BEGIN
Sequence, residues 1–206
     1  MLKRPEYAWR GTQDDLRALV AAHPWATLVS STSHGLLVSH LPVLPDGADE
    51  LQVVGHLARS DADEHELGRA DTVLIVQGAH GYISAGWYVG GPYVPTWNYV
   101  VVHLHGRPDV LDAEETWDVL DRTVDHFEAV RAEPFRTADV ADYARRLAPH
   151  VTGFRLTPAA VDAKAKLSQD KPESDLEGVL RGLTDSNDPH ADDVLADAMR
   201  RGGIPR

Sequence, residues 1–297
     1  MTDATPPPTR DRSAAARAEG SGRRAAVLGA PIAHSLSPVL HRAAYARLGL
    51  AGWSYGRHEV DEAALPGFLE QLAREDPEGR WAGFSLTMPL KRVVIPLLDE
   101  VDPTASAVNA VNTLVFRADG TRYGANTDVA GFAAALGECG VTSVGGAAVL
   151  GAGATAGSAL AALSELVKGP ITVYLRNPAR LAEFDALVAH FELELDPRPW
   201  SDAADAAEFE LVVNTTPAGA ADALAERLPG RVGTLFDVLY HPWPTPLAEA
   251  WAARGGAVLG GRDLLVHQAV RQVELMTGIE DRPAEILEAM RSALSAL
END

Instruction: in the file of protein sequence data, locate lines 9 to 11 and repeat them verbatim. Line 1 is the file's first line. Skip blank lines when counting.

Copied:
    51  AGWSYGRHEV DEAALPGFLE QLAREDPEGR WAGFSLTMPL KRVVIPLLDE
   101  VDPTASAVNA VNTLVFRADG TRYGANTDVA GFAAALGECG VTSVGGAAVL
   151  GAGATAGSAL AALSELVKGP ITVYLRNPAR LAEFDALVAH FELELDPRPW